Elmer Trefethen lived his life to the high standards of the Greatest Generation.

After graduating from high school he got a job sweeping floors at Pillsbury’s A Mill in Minneapolis before being drafted to serve in World War II, where he drove a tank in some of the bloodiest battles of the war.

His job was waiting for him when he returned, and he worked his way up. He raised a family and then moved to Crosby, Minn., when he retired in 1982.

“He was quiet, humble and unassuming. He was devoted to family and hard work,” said his son John Trefethen.

A park in Crosby held a reminder for Trefethen of the job he held in World War II. “There is an M4 Sherman tank,” his son said. “The exact same [model] tank that he drove during the war.”

Elmer Trefethen, who served in the South Pacific during the war, died March 9 in Brainerd, Minn. He was 96.

Trefethen saw duty in several of the most crucial battles in the South Pacific, including Okinawa and Leyte. Trefethen was on Okinawa when Japan surrendered on Sept. 2, 1945, to end the war.

He was born on Sept. 19, 1923, in Minneapolis to George and Rose Trefethen. He grew up in Minneapolis and attended Marshall High School. After graduating in January 1942, he began working for Pillsbury.

“He started as a sweeper, the lowest job there,” his son said. “His job was to sweep up the dust so that it didn’t combust.”

In March 1943, Trefethen was drafted and went to basic training at Fort Riley, Kan., where he was trained to be a radio operator. “Originally he was in the cavalry,” John Trefethen said. “The Army still had a cavalry then. But he was moved to tanks.”

He was assigned to the 767th Tank Battalion and sent to the South Pacific. Starting in January 1944 he saw action at Kwajalein Atoll in the Marshall Islands, Leyte in the Philippines, Okinawa and the Southern Philippines. Okinawa was the largest amphibious assault in the Pacific theater during World War II. The 82-day battle of Okinawa, from April to June of 1945, was one of the bloodiest of the war.

“I’m the youngest of four, and when I was growing up he didn’t talk about [the war] much,” John Trefethen said. But he opened up about his experiences after he retired.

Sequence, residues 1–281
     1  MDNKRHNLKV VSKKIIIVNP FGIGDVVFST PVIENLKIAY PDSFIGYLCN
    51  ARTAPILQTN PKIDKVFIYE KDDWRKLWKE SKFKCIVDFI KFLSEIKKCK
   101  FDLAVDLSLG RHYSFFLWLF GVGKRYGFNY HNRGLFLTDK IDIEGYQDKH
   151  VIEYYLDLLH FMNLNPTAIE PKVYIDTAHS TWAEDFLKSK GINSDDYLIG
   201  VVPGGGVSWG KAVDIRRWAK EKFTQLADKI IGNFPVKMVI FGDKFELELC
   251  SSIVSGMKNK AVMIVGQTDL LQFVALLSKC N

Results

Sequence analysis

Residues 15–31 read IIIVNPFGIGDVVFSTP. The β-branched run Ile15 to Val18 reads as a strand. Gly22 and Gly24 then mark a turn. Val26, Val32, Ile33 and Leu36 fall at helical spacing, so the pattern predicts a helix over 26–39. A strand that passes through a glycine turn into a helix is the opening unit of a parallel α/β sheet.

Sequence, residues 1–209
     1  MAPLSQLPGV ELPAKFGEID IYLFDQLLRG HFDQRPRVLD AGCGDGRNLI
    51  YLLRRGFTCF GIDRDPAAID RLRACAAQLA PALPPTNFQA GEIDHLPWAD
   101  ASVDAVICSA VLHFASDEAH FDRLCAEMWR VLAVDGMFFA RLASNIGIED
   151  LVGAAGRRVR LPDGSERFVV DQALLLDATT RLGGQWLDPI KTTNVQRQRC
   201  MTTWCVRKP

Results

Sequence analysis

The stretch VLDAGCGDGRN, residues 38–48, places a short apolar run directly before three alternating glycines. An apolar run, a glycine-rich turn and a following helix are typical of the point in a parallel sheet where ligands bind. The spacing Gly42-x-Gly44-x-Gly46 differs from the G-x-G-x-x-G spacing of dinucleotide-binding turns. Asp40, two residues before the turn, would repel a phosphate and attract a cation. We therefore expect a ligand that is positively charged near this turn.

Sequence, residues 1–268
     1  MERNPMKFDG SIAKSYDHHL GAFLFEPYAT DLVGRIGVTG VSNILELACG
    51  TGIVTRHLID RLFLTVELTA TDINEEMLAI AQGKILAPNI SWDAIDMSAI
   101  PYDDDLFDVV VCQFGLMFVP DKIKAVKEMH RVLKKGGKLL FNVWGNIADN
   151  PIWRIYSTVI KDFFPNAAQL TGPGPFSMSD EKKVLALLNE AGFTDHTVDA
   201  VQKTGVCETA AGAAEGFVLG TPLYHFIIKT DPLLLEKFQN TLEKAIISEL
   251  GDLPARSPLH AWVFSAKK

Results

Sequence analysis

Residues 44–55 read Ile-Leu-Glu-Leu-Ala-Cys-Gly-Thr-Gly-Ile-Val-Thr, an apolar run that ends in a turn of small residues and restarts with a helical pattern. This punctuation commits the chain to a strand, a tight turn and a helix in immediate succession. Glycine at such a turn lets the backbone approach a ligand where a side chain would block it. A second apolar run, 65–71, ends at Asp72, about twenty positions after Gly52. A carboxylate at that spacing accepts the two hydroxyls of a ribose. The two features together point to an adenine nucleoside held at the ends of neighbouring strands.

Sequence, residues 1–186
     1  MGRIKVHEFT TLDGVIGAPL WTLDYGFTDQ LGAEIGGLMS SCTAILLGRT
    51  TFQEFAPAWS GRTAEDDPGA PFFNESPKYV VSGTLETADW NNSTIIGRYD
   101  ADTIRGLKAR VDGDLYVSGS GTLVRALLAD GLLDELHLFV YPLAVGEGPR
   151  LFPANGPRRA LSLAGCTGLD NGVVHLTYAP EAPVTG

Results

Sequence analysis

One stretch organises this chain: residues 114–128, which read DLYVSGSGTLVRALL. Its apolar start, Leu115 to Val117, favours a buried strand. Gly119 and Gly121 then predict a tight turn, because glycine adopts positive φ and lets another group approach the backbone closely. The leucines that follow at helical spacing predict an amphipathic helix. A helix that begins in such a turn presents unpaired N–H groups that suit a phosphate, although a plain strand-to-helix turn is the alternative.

“As a tank driver, he was part of a five-man crew, and it was a tough job,” his son said. “At the end of the day, they had to prepare the tank for the next day, so they had to clean the track. And they had to walk up to a quarter-mile to get gas to refuel the tanks.”

After his discharge in January 1946, he returned to Minneapolis and his job at Pillsbury. “His job was waiting for him,” his son said. “He progressed up the ladder, eventually becoming an operations manager. When he retired, he was one of three managers at Mill A.”

In his first month back in Minneapolis, Trefethen was set up with a blind date.

“He and my mom [Joyce] went out, and four months later they were engaged,” John Trefethen said. And by September, they were married.

After retiring, Elmer and Joyce moved to Crosby, where they built a house on Black Bear Lake. They sold the house in 2019 and moved into senior living in Crosby. Joyce (nee Anderson) died in January at age 92. They were married 73 years.

In addition to son John, Trefethen is survived by sons David and Thomas, daughter Patricia Goke, four grandchildren, four great-grandchildren and three great-great- grandchildren.

Services have been held, with burial at Fort Snelling National Cemetery.